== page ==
Workers wearing protective masks are seen outside Midea factory in Wuhan, Hubei province. Xiangjin retired as chairman in 2012, after building the company into China’s biggest exporter of air conditioners.(REUTERS)
Workers wearing protective masks are seen outside Midea factory in Wuhan, Hubei province. Xiangjin retired as chairman in 2012, after building the company into China’s biggest exporter of air conditioners.(REUTERS)

Kidnapping of China’s 7th richest man thwarted after son swims across a lake to raise alarm

He Xiangjian, China’s seventh-richest person, was held hostage by the would-be kidnappers, who were carrying explosive materials, according to the Economic Observer, a local newspaper. The attempt failed after He’s son escaped and swam across a lake to raise the alarm, Forbes reported.
By Bloomberg
UPDATED ON JUN 15, 2020 11:56 PM IST

Police rescued the billionaire founder of home-appliance giant Midea Group Co. after an abduction attempt at his home over the weekend.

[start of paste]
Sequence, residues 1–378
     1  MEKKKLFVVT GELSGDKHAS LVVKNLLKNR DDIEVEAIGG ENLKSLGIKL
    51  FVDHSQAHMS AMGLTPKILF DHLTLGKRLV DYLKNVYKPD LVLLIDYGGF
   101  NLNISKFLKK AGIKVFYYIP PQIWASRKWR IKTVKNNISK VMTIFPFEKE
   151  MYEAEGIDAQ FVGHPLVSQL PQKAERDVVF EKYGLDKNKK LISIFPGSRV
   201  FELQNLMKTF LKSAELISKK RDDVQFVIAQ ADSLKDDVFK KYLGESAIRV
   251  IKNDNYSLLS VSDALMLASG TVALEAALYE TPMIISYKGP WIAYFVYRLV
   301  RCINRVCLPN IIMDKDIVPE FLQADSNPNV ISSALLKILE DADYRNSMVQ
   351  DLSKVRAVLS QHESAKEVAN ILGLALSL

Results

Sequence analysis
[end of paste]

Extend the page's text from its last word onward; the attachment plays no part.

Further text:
He Xiangjian, China’s seventh-richest person, was held hostage by the would-be kidnappers, who were carrying explosive materials, according to the Economic Observer, a local newspaper. The attempt failed after He’s son escaped and swam across a lake to raise the alarm, Forbes reported.

He has a net worth of about $24 billion according to the Bloomberg Billionaires Index.

Police in Foshan, a city in the southern Guangdong province, said they received a report at 5:30 p.m. Sunday that someone broke into an apartment in a residential community owned by Midea and threatened the homeowner’s safety, according to a statement on their official WeChat account.

Five suspects were arrested early Monday, according to the police.

Midea Group reposted the police statement on its official Weibo account without elaborating. A company representative told Bloomberg the case is under investigation by police and that Midea had no other details to share.

Midea, founded in 1968, is known for its low- to medium-end appliances. He retired as chairman in 2012, after building the company into China’s biggest exporter of air conditioners. The stock closed 3.3% after the close in Shenzhen Monday.

Worries about kidnapping have prompted more of the world’s richest people to spend millions of dollars on security in recent years.

Walls, fences or other barriers surrounding homes of the ultra-wealthy are typically equipped with motion sensors and monitored by cameras that can be programmed to recognize certain faces. Some are tailed by bodyguards at all hours. Typical measures inside residences can include ballistic windows, safe rooms as well as reinforced doors, walls and locks.

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